“Jonah Hex” is a comic book film and western, tries to be true to its source material and genre, yet misses the mark on many levels. A potential story of revenge and redemption gets lost. That’s not to say it’s out and out bad; it’s just not as good as you’d like it to be.
Despite the half-scarred face, Josh Brolin’s Hex is still almost too good-looking, if you can believe it and also, isn’t nearly as surly as the comics (You think Wolverine has attitude?). His performance still nails a lot of the qualities that have made the gun-toting DC Comics anti-hero a cult favorite for nearly four decades. At times, he also recalls Clint Eastwood at his acerbic best in 1960s spaghetti westerns. Brolin, powerful in “No Country For Old Men,” is one of the few actors who could lead a revival of western films, which have been almost MIA overall from the cinematic landscape in this decade.
And then there’s John Malkovich as the baddest of bad men, pure nasty evil, a 19th century post-Civil War Confederate terrorist who’ll kill anyone and everyone in relentless campaign to destroy the U.S. in total.
Parts of the movie draw from the comics of various eras by Hex creators, writers John Albano and artist Tony DeZuniga, writer Michael Fleisher (also known for his gruesome fine run on The Spectre) as well as the most recent 2005 revival by writers Justin Gray and JImmy Palmiotti. Hex first appeared in “All-Star Western” #10 back in 1972, which became “Weird Western Tales” a couple of issues later and then, he finally got his own book in 1977.
The movie’s origin story is slightly altered from the comics as it’s told early in the film, somewhat truncated, mixing stark and brutal live footage with comic book panels. It sets up Hex’s near death, forced to watch his family killed for “betraying” Malkovich’s psychotic Quentin Turnbull as he then seeks final revenge and roams the west as a bounty hunter who’s a wanted man himself.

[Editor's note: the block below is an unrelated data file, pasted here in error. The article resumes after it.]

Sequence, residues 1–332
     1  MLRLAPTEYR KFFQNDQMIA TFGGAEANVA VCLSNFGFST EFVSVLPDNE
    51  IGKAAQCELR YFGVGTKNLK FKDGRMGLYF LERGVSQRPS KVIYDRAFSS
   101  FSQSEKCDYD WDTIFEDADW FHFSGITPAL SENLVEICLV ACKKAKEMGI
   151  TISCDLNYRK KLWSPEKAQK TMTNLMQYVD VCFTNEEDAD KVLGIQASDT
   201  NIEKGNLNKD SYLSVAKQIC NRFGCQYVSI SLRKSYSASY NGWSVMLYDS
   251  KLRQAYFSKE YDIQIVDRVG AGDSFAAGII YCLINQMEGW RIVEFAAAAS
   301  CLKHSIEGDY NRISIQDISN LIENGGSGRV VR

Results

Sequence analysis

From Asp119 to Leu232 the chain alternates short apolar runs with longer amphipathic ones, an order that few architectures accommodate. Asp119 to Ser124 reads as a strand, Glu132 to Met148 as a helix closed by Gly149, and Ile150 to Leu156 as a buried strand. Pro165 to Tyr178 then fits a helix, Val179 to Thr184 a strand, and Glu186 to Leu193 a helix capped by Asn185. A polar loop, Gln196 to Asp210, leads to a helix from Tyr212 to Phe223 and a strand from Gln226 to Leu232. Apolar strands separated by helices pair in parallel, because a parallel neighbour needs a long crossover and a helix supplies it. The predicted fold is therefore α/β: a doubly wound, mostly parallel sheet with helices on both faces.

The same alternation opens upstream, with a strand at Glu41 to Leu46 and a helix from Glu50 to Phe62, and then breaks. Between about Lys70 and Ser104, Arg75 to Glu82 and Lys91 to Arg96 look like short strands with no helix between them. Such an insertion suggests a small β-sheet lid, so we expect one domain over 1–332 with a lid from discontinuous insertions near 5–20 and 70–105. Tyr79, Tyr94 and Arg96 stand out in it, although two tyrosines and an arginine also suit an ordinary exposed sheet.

There are some other solid acting turns, especially Michael Fassbender as sociopath and explosives-loving Irishman Burke. Also, the great Jeffrey Dean Morgan gets too little screen time as Turnball’s long-dead son Jeb, once the best friend of Hex until he was forced to kill him. Aidan Quinn’s President Grant doesn’t capture the actual historical ballsy ex-General in the White House at all.
And finally we have Megan Fox, “Ms. Transformers.” Yes, she looks hot amd fetching as ever, but her performance is wooden. While her prostitute Lilah (taken in part from the latest comics) is Hex’s last anchor to his humanity yet she plays it beyond flat and only comes to life near then film’s end when her resourcefulness hinted at earlier on suddenly brings some fire.
While there are some surreal supernatural elements – though Hex’s ability to talk to the dead, which is mighty handy, is not from comics – the steampunk element takes over and it’s nearly “Wild Wild West” (not the great ’60s TV series, but the awful Will Smith piece of wretched junk from a decade back). The film’s writers tried to way to hard to create a “big story” of Hex saving the nation as Turnball makes off with a federal stock of “super-weapon” explosives with plans to blow up Washington D.C. during the Centennial.
Despite the lame latter parts, the look of the film is still quite stylish, though at times, the pacing is awkward. But that may not be the fault of Canadian-American director JImmy Hayward, who also gave us “Horton Hear a Who.” Perhaps there’s a better director’s cut that may surface on a DVD release. In that respect, “Jonah Hex” recalls “Ghost Rider” as a somewhat botched, yet still watchable comic book adaptation.